Now the Movie World Wants Roseanne, Tom : Films: The competition is heated to sign the Arnolds for a feature. The TV stars choose a cross-country comedy-adventure.


Roseanne and Tom Arnold will be spending their summer vacation on the road.

The Arnolds will be traveling together through the dusty hamlets and cow-dotted burgs of America on a comedy and life-or-death adventure some in Hollywood are describing as “Thelma and Lou.”

While television audiences have come to know them chiefly through the hit sitcom “Roseanne” and “The Jackie Thomas Show,” an as-yet-untitled movie starring the outrageous comedians is scheduled to begin shooting in June for Columbia Pictures.

The Arnolds have been making headlines recently with their much-publicized battle with ABC, a rift that may end--ABC Entertainment president Ted Harbert said in New York that an announcement involving the network and the Arnolds would be made later this week. Meanwhile, movie producers have been scrambling to get them to make a film during their summer hiatus from television.



It was the cross-country escapades of Archie and Myrna--written by Bob Comfort and produced by the husband-wife team of Ned and Nancy Graham Tanen--that the Arnolds ultimately chose to bring to the screen. It will be their first feature-length film together and follows her 1989 movie “She-Devil” with Meryl Streep, which was not the box-office hit some had hoped.

Roseanne Arnold will play Myrna, a waitress at a bowling alley in the small Midwestern town of Morgan Falls. She is fed up with her life and has been offered a job as a department store beautician in Portland, Ore., if she can get there in time.

Tom Arnold will portray Archie, a con artist/tow truck driver who spots Myrna’s disabled car by the side of the highway.

The movie is awaiting a final green light from Columbia. The producers are under the gun to complete principal photography by early August, when Roseanne has to return to her TV series.

“There were a lot of producers who wanted to do a Tom and Roseanne movie,” said one Hollywood source. “Every studio in town has been competing to get them in a summer movie.”

The competition for the Arnolds was fierce, at one point including offers from such powerful producers as Joel Silver, Jon Peters and Lorne Michaels, according to sources.


But it was the Tanens (“Breakfast Club,” “St. Elmo’s Fire”), who won out with Comfort’s 50 pages of dialogue. More than half of the screenplay was not completed until a few weeks ago.

The Tanens had searched months for the right screenwriter and selected Comfort because of his reputation for creating eccentric, off-beat characters (“The Redd Foxx Show,” “Wacko,” “The John Byner Comedy Hour”).

Because Comfort had previously committed to finishing a screenplay for Penny Marshall and Jack Nicholson, he did not complete a draft of the Arnolds’ script until last fall, and then only half was done. When the comedians gave thumbs up to the script, the race was on to finish it in time for the summer hiatus. That is when the Tanens brought in Jeff Reno and Ron Osborn, who wrote many episodes of the “Moonlighting” TV series, to help finish the project.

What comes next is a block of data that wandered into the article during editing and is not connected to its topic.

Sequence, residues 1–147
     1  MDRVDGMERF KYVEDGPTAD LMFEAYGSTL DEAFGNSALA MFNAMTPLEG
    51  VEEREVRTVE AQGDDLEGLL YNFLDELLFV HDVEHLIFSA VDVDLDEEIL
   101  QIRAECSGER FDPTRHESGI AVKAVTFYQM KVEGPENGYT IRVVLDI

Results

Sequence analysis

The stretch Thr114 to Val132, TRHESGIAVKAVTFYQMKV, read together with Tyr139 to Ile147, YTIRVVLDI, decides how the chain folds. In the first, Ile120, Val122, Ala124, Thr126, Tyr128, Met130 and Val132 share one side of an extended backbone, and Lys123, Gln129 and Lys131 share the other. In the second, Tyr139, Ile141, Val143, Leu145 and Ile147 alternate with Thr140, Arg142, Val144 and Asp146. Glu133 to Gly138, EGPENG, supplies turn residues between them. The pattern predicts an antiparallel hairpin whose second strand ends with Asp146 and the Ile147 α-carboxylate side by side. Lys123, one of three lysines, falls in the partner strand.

What they created is a script that will not only take the Arnolds on location from Illinois to Oregon, but explores the relationship of two down-on-their-luck working people who struggle to survive amid calamity, con men and chance encounters.

When they set out on the road, Archie and Myrna have little money, but through his resourcefulness, they never go hungry for long and they always have a place to sleep. Myrna is against the way he operates, but eventually gets caught up in it--even to the point of using a gun she has stashed in her purse to get Archie out of ticklish situations.

Archie is a likable con man who collects model trains, does a great Elvis impression and is not above crashing a funeral to get at the free food afterward.


Unlike Archie, Myrna possesses more of a conscience. Her sarcastic comebacks and common sense keep Archie in his place, even though she fears that anywhere along the road he is going to leave her.

At the beginning, they don’t like or trust each other, but because of each of their needs to go west, they have to share a car.

The movie shares some of the working-class, middle-American values--and hardships--of the TV series “Roseanne,” although in this story, the Arnolds lurch from one outlandish crisis to another, down endless highways filled with RVs, weird hitchhikers and police pursuits.

As for the Arnolds’ running battle with ABC, the network reportedly is closing in on a production deal that will help heal the rift between the two factions that erupted last month when ABC refused to make a decision on the fate of “The Jackie Thomas Show,” which starred Tom Arnold as a bullying and brutish television star. The show was eventually canceled by ABC.

In addition, Tom Arnold is still apparently talking with “Designing Women” creator Linda Bloodworth-Thomason about starring in a CBS series next season.


Times staff writer Greg Braxton contributed to this story.